Thursday, 26 July 2012

Mixing It Up in the Vegetable Garden

REAL WORLD GARDENER Wed. 5pm 2RRR 88.5fm Sydney and Across Australia on the Community Radio Network.
The complete CRN edition of RWG is available on , just click on 2RRR to find this week’s edition.

The Good Earth

 with Permaculture Sydney Institute Director, Penny Pyett. The 6 bed rotation system is good if you've got the room or energy, but permaculture principles show us that there are other less back breaking ways. On today's show Penny outlines the backbone of a vegetable garden in permaculture-neither hard or messy. These principles even include IPM or integrated pest management, so that's got to be good.

Podcast Powered By Podbean Without realising it, I was following permaculture principles in my vegetable garden because I don’t have that many areas to grow produce. Mixing perennial plants, like perennial basil with your normal vegetables, like Penny said, can save you work when it comes to pest management. Self-seeding is another great idea, because a lot of the time, seeds of lettuce and parsley can be easily transplanted to other places in the garden. So I hope that’s given you some food for thought anyway.

Vegetable Heroes:

Potatoes or Solanum tuberosum. Always grow potatoes from Certified Seed Potatoes from reputable suppliers. Yes it is possible to simply buy some from a specialist green grocer and keep them for seed, or use leftover potato peelings. What’s wrong with that? You run the risk of introducing diseases such as Potato Virus Y, Potato Blight or Potato cyst Nematode. If you use ones that have sprouted from the supermarket or green grocers. You might think it’s only a small risk, but once you get potato blight into your soil, it’s their forever. No chemical will shift it.   Potatoes can be planted now all over Australia, in temperate and sub-tropical districts, August to October is the best time, in cool temperate zones, September through to January, and in arid areas August until December is your best time. Potatoes like to grow in a deep rich soil,  so plant seedling potatoes in a trench and as they grow pile the earth up around them. You will need to hill the rows or potato container several times until the potatoes have flowered To stop the greening of tubers and also protect them from potato moth. Doing this will give you more potatoes as they tend to form on roots near the surface, as you pile up the soil, you get new roots, , more potatoes.... I should have said earlier, pile in lots of cchicken manure or blood and bone  through the bed as potatoes need a lot of phosphorus but not too much nitrogen.  Too much nitrogen will mean lots of leaves rather than potatoes.  Keep the water up, but only water moderately as potatoes will rot in soil that is too wet. You can add fish emulsion and seaweed extract when you’re watering too. Potatoes can also be grown in your black compost bin if you’re not using it for compost. Plant the seed potatoes at the bottom, let them grow to about 50cm,( so with your ruler that’s  almost 2 x ruler heights) then, over the top and add 8cm of soil, let them grow a little more, add some more soil, and so on, in the end a stack of potatoes. Pick your potatoes when the vine has died down to the ground, that’s if you want the most potatoes, but they can be harvested from when the first baby potatoes are formed.  The lower leaves should be turning yellow – this happens about 3 to 4 weeks after flowering. For mail order or online, try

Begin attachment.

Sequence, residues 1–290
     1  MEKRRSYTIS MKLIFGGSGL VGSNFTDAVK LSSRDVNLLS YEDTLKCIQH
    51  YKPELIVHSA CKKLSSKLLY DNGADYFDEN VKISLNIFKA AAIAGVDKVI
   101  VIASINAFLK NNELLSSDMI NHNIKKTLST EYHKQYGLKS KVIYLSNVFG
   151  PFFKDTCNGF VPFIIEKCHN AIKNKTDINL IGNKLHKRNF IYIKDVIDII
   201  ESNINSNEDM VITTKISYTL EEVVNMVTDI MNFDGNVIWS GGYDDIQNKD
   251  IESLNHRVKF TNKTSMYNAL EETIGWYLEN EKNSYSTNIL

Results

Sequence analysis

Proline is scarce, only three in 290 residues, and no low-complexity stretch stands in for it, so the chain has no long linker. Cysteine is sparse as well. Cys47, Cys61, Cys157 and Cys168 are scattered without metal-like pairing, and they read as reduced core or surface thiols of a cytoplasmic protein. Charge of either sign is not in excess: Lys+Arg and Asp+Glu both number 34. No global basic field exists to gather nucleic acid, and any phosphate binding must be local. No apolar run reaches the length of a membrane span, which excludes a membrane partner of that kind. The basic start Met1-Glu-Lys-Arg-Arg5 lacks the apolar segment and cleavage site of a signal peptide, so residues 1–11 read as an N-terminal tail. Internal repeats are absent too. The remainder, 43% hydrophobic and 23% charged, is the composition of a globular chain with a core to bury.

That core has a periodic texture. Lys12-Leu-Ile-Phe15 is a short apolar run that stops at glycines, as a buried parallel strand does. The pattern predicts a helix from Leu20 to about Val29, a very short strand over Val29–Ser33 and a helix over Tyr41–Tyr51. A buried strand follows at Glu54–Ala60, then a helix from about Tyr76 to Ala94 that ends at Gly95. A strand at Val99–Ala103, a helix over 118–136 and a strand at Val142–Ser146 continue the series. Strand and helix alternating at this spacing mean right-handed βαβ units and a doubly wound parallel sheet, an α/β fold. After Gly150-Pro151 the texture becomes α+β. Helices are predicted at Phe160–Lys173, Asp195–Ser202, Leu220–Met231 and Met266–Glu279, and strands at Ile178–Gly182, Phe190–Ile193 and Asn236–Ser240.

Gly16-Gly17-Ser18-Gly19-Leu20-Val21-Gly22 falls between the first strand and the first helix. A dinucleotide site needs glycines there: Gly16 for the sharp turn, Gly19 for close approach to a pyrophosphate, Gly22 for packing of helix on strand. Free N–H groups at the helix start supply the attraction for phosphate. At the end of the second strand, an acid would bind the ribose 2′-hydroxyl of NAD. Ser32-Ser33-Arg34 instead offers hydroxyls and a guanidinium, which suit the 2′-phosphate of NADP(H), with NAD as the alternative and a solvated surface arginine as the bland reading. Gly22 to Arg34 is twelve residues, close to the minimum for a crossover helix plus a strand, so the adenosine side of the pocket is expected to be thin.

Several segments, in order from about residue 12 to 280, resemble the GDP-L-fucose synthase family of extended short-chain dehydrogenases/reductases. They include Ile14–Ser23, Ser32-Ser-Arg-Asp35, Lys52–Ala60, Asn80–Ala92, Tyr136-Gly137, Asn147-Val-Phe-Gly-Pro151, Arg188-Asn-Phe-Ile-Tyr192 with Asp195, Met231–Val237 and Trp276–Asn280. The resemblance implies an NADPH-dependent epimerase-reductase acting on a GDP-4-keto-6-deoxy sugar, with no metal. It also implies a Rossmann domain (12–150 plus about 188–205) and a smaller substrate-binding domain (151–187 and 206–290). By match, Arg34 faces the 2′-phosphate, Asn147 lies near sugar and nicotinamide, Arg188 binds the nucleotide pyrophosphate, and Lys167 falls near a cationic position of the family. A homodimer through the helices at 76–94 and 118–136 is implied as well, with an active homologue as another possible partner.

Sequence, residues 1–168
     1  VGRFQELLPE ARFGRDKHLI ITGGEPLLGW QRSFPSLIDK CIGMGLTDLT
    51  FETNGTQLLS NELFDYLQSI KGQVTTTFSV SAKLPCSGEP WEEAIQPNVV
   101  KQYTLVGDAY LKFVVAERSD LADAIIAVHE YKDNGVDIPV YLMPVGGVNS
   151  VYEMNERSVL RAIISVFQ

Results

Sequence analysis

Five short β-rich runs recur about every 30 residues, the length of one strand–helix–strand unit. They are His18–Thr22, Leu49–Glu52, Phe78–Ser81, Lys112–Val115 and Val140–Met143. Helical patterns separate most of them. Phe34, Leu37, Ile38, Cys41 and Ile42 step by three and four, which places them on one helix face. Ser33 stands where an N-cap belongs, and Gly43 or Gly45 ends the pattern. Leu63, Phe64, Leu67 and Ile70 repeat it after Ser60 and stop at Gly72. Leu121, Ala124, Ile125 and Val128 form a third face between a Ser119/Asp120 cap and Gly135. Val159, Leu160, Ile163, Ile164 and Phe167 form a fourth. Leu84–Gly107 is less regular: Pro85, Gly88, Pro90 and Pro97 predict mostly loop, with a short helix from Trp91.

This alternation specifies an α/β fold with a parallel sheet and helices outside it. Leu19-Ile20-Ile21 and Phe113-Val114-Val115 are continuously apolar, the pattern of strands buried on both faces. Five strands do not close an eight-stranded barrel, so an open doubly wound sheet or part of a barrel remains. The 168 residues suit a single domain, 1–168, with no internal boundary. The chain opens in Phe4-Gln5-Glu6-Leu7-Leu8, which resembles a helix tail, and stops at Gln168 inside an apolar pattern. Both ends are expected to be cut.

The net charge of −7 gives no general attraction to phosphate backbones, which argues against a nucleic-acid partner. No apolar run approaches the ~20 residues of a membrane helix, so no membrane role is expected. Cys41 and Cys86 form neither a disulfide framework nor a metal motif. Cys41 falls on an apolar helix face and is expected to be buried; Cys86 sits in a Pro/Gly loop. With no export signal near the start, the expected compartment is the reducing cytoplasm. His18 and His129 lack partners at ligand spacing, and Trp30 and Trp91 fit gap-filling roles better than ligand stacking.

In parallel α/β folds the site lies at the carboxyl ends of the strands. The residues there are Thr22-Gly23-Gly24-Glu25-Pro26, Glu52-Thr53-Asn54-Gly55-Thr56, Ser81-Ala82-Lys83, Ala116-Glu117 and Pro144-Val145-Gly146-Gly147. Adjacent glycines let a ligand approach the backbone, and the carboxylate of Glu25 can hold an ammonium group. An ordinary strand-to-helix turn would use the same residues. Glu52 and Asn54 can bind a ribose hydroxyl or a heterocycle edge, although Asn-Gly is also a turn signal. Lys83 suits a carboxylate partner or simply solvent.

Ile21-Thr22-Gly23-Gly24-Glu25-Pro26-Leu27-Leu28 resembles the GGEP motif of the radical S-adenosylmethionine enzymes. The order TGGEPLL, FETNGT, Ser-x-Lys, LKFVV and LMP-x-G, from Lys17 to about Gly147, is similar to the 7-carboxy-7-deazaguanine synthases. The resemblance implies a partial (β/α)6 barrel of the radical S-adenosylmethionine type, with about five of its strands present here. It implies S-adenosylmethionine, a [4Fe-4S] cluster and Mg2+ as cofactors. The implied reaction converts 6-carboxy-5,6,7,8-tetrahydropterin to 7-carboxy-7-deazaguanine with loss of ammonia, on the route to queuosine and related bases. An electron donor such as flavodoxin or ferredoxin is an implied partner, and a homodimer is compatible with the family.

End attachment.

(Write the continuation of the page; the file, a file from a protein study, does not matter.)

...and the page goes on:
Design Elements:

Some people don't like too many plants in their garden thinking that it's too much maintenance.  Here's a suggestion for built structures in the garden for that ordered look.

Plant of the Week:

Grevillea "Superb" vs Grevillea "Ned Kelly."
Grevillea "Ned Kelly."
What's the difference?
Grevillea "superb."
In the 1970's, two hybrid grevilleas came out. One a cross from Grevillea banksii and Grevillea bipinnatifida. This was Grevillea "Ned Kelly." Grows to 2 metres high and wide and seen in many older gardens. The flowers, or more correctly, the racemes, have reasonably distinct bands of colour, starting as red, and fading to yellow. This shrub was successful because it attracted so many mainly larger birds like rainbow lorikeets, plus it's pretty hardy.  G. "Ned Kelly," can take light frost and grows best in full sun but any soil type. It flowers all year, and birds love it. Grevillea "Superb," was was created by Grevillea grower Merv Hodge. One of the parent plants is the white form of Grevillea banskii. The main difference is the foliage is a little darker, and the flowers a deeper colour- more red-apricot at the base fading to light pink. The third main difference is the floral tube is nearly always yellow. To me this is a neater shrub, growing to 1.5metres My preference is Grevillea 'Superb," but both flower all year long and don't need too much trimming to keep them bushy. You can prune them back reasonably hard if you have an old plant that's become overgrown and straggly looking. As with all grevilleas, if you fertilize your garden, these plants are phosphorous sensitive, so only use a native fertilizer or blood'n'bone around them. Why not send in a photo of your Grevillea?  c/- 2RRR PO Box 644, Gladesville NSW, 1675 Win a garden hat or some seeds with your gardening question, or simply fill in the survey below.
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1 comment:

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